John Naisbitt argues that the information society is more than an intellectual abstraction. New information technology is profoundly altering our social, political, and economic landscape. Virtual communities are among the many results and consequences of online communication. Virtual communities refers to a social collective, or community, that forms in the online, electronic world of computer communication known as cyberspace. In the world of cyberspace, virtual communities exist in an ethereal electronic space defined by digital networks, computers, and the people who use them. The Internet is making electronic public space a reality because it is a tool which is global in its reach and it’s expanding at a very fast pace all over the world, although sub-Saharan Africa and East Asia are lagging.  
New media and social networks have to an extent changed political discourse in the region, posing a threat to the status quo. The new media atmosphere will prevail and develop continuously challenging the political order of privilege, inequality, despotism, bureaucracy, corruption and injustice. However, the media system in the region has to change and engage in a new path to help bring about economic, political and 
social change. 
Many argue that new media and social networks brought the Arab revolutions and Arab Spring and ushered in the changes that several Arab countries are witnessing. However, others argue that this is an overstatement of the power of the new media technology. As a matter of fact, the Arab spring countries — Tunisia, Egypt, Libya, Yemen — are going through a chaotic situation where things are getting worse with internal conflicts, riots, protests, and economic decline among others.
Is this new environment suitable for the achievement of democratic, social, economic and political change? What is the other side of social networks? Is everybody in the Arab world involved, sharing and living in the era of social networks? Or is there a good proportion of the population out of this new environment, given that one-fourth of the population in the Arab world is illiterate. Does change — whether social, political or economic — require more than social networks and a new public sphere? How are things after the collapse of dictators and tyrants in Arab countries? Are they getting any better or worse, or should we wait to make an assessment? Historical facts and experience tell us that sustainable development and social change need more than the media. Daniel Lerner predicted in 1958 that the media of mass communication will lead to urbanisation, democratisation and social change in the under-developed countries. After over five decades, the Arab states are still looking for sustainable development and democracy.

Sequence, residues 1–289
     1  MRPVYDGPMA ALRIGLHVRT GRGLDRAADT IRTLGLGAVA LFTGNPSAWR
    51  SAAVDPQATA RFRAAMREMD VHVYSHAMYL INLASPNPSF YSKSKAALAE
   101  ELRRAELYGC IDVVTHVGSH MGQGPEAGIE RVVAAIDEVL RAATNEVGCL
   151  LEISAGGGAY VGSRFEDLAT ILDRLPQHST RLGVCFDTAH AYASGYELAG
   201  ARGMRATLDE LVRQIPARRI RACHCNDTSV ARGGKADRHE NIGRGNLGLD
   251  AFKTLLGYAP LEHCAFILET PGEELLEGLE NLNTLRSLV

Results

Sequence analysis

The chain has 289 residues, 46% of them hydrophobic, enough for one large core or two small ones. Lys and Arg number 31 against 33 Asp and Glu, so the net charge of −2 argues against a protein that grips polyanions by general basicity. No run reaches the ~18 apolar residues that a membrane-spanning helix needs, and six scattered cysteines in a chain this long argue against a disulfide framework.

It is a firm conviction of this author that, at their best, new media can mobilise crowds and masses to rally and protests. They can give a social perspective to movements. However, they can’t bring about socio-economic and political change and implement democracy, because such change needs more than social networks. After the collapse of the regimes in Tunisia and Egypt, things are not getting any better, and both Tunisia and Egypt are experiencing complex economic, social and political problems. So far, the social networks and the new media have failed to effect a successful democratic transition in the Arab Spring countries.  
Kirat is a professor of Public Relations and Mass Communication at the Department of Mass Communication, Qatar University.
The Peninsula